Garmin LogoWith a Garmin fleet tracking system, dispatchers can locate and assign the best vehicle and driver nearest to the customer. This improved efficiency often leads to 1-2 additional service calls per day, per technician.
NY Appeals Court Approves GPS Tracking of Employees
Based on the court’s ruling in November, the New York State Department of Labor was within its rights when it placed a GPS tracking device on an employee’s private car without his knowledge and monitored him for several weeks (even after work hours and while he was on vacation) to determine whether he was submitting fraudulent time cards. [More…]
The case – Michael A. Cunningham v New York State Department of Labor – is just the latest to raise the question of GPS tracking by the government. In a 3-2 decision on Wednesday, the court dismissed claims by Michael Cunningham, a former Labor Department employee who was fired for misconduct, that the use of the global positioning system device had constituted illegal search and seizure.
The NY Labor Dept. fired Cunningham in 2010, who was first hired in 1980, but had a history of misconduct, relying on data from a GPS tracking device placed in his personal car to show he had submitted false expense sheets and other travel records. Cunningham sued and demanded a new hearing, saying the data should have been suppressed at his termination hearing.
Law enforcement agents do not need to obtain a warrant before placing a secret GPS tracking device on your vehicle, says a Missouri federal judge, who just ruled the FBI did not need a warrant to secretly attach a GPS tracking device to a government employee’s car to track his public movements for two months.
The FBI suspected that Fred Robinson was a “no-show employee” at the St. Louis City Treasurer’s Office — alleging that he collected $175,000 in paychecks without ever actually going to work, reports the Post-Dispatch and Forbes Magazine. While the FBI was investigating Robinson for this and for stealing money from a charter school, agents snuck a GPS tracking device onto the bottom of his Chevrolet Cavalier in January 2010 and used it to track his whereabouts for the next two months.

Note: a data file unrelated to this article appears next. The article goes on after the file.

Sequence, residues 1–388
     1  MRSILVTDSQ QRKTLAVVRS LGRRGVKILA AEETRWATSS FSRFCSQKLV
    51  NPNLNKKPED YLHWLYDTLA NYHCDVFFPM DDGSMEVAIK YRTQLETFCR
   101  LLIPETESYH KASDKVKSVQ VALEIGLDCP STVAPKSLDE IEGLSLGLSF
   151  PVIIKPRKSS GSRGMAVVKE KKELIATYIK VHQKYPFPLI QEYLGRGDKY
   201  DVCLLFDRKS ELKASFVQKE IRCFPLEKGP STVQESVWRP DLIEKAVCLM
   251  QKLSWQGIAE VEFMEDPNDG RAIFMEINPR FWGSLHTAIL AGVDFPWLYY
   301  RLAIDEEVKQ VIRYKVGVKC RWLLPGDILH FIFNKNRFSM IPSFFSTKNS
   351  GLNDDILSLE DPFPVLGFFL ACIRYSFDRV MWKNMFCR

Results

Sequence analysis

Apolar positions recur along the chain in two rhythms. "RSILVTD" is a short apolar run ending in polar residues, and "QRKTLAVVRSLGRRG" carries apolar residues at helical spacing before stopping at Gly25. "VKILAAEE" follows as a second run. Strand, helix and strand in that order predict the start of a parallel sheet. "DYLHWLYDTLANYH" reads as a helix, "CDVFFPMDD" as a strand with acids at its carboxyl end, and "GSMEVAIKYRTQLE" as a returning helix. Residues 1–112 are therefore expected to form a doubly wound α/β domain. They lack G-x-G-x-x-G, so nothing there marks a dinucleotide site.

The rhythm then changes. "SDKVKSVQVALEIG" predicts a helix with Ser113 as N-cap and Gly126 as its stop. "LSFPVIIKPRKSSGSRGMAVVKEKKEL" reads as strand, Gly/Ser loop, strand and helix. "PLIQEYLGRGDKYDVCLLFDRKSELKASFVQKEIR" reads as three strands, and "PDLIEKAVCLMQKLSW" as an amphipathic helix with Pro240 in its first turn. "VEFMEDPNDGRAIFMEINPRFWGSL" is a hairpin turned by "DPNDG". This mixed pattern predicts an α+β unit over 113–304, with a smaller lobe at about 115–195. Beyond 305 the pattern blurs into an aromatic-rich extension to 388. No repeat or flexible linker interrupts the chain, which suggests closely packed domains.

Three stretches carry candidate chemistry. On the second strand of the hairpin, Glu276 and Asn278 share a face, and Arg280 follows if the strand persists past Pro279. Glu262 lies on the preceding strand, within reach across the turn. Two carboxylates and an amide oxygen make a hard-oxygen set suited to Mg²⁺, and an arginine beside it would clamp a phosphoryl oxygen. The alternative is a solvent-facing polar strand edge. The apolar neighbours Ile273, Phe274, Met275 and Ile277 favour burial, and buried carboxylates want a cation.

A court opinion notes that it would have taken “five or six agents” to do it without the GPS tracking device. The tracking device data allegedly proved that the employment time sheets Robinson submitted to the Treasury Office January through March were false.
GPS Tracking Takes Privacy Invasion to a Whole New Level
In November 2011, the Supreme Court began hearing arguments in US v Jones, a case The New York Times recently dubbed “the most important Fourth Amendment case in a decade.”
The Jones case will set the precedent for the legality and limitations of GPS tracking without a warrant. The Supreme Courts will address a question that has divided the lower courts for years: Do the police need a warrant to attach a GPS device to a suspect’s car and track its movements for weeks at a time?
The NY Times said, “the answer will bring Fourth Amendment law into the digital age, addressing how its 18th-century prohibition of “unreasonable searches and seizures” applies to a world in which people’s movements are continuously recorded by devices in their cars, pockets and purses, by toll plazas and by transit systems.